“Where words fail, music speaks” (Hans Christian Andersen)
Music stimulates more parts of the brain than any other human function (Mannes, 2011). There is clear potential in the power of music to change the brain and affect the way it works.
Despite a wealth of empirical evidence to show that music can increase the quality of life for people with dementia, it is a powerful tool in dementia care that remains underutilised in many care settings.
Elton John once said “Music has healing power. It has the ability to take people out of themselves for a few hours.” In dementia, the opposite is true. Where people can no longer access their own life history due to memory loss, music can “bring them back into themselves, into their own personhood and memories” (Oliver Sacks, 2011).
The late Aretha Franklin understood its power; “Music does a lot of things for a lot of people. It’s transporting, for sure. It can take you right back, years back, to the very moment certain things happened in your life. It’s uplifting, it’s encouraging, it’s strengthening.”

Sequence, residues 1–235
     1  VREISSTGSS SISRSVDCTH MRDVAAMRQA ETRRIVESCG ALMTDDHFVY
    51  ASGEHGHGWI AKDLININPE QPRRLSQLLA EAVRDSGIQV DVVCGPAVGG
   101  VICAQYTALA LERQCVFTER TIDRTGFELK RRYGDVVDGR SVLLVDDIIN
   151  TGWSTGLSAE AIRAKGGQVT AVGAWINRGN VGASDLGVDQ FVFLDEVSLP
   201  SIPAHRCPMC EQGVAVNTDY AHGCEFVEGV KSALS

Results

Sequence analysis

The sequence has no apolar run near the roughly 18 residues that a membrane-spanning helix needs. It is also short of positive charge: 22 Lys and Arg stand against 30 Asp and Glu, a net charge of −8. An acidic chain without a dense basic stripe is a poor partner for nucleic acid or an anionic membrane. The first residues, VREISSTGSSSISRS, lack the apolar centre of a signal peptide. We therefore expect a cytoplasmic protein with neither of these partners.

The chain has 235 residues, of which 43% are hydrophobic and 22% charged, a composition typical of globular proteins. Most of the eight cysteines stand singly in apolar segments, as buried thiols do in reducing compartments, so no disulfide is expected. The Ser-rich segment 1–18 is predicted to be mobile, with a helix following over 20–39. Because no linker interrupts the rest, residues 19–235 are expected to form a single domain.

Research (Powel, 2016; Carpente & Aigen, 2018) shows that listening to music results in:
- Positive changes in mood and emotional states
- Improved memory recall
- A sense of control over life and increased confidence
- Effective, non-pharmacological management of pain and discomfort
- Opportunities to interact socially with others
- Stimulation that promotes physical movement and interest (even when other approaches are ineffective)
This is compelling evidence: music can relieve physical pain, encourage movement, enhance decision-making skills, improve well-being and provide a way to experience joy and connection with others.
There is no good reason not to include use of music within the activity care plan of every service user living with dementia.